The most recent report published by the U.K. House of Commons Foreign Affairs Committee grounds the connection between the PKK and its Syrian affiliate, the People's Protection Units (YPG), and urges parliament to reach a clear opinion over the issue instead of being inconsistent.
"The evidence to our inquiry argued that this group was linked to the PKK," said the committee head Tom Tugendhat. "But the Foreign and Commonwealth Office seemed uncertain about whether these links existed at all. That is not credible, and the Foreign and Commonwealth Office should have a clear view of its own rather than repeatedly referring to ‘reported' links."
Tugendhat further emphasized that the U.K. must realize that there are serious policy differences between its allies in Syria that might affect itself. Published Sunday, the 33-page report named "Kurds' desires and U.K.'s benefits," which was prepared by the Commons Foreign Affairs Committee in three months, revealed the different Kurdish groups' aims in the region and U.K.'s positions on them.Stating that Turkey sees the YPG as a terrorist organization that is linked to the PKK while the U.S. considers it as an ally against Daesh and supports it with military equipment, Tugendhat highlighted that the U.K. must also clarify its position over the issue in this respect. Last month, U.K. Minister of State for the Middle East Alistair Burt acknowledged that Britain was aware of the possible links between the PKK and the YPG, which is the armed wing of the Democratic Union Party (PYD).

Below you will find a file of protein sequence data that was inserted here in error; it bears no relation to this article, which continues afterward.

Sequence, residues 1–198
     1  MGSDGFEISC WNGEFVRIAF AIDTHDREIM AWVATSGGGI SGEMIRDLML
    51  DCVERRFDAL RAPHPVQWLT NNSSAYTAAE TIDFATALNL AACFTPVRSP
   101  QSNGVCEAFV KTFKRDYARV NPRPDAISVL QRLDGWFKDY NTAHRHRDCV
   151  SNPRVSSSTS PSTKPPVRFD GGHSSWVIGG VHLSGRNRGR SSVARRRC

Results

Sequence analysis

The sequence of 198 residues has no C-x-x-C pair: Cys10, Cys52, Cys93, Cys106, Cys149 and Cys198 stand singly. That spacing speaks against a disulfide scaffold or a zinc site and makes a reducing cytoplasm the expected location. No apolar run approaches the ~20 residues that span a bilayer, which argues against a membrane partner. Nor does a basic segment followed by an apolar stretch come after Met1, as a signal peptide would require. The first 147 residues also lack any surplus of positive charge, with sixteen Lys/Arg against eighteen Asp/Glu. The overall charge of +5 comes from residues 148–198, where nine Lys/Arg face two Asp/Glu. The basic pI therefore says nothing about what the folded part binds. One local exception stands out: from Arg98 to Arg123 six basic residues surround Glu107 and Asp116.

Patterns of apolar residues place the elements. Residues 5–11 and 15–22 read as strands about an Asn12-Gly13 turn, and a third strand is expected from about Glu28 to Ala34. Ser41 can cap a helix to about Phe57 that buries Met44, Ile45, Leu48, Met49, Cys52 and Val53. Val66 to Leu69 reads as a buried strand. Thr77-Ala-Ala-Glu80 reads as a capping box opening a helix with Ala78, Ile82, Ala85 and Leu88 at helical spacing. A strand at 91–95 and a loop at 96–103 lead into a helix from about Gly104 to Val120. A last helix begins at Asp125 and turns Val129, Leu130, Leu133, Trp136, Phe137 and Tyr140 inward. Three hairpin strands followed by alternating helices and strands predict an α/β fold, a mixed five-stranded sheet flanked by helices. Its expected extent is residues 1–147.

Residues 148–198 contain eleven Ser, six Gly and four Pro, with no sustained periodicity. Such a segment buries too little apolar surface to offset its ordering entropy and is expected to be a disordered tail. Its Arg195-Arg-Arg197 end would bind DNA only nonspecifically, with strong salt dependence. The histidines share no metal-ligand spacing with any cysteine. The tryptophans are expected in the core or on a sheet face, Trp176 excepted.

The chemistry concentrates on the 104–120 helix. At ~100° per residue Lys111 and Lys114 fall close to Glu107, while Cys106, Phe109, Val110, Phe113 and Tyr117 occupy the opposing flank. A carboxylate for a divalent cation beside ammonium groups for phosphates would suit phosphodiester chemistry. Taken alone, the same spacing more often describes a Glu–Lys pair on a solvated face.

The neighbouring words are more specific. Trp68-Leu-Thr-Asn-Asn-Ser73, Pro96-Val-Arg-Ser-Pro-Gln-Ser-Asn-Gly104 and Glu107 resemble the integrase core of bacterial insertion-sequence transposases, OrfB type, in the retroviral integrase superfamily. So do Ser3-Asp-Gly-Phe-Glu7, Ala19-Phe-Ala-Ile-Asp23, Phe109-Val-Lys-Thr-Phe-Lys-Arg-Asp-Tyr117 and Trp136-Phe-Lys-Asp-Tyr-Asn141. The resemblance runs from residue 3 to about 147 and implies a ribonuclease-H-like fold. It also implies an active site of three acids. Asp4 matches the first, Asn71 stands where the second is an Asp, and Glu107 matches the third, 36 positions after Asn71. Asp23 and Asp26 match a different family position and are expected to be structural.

"We are very concerned over possible links. We don't seek any link with the PKK and ourselves in any way," said Burt, speaking at a session of the Foreign Affairs Committee. "We urge the PYD at all times to sever any links it might have with the PKK."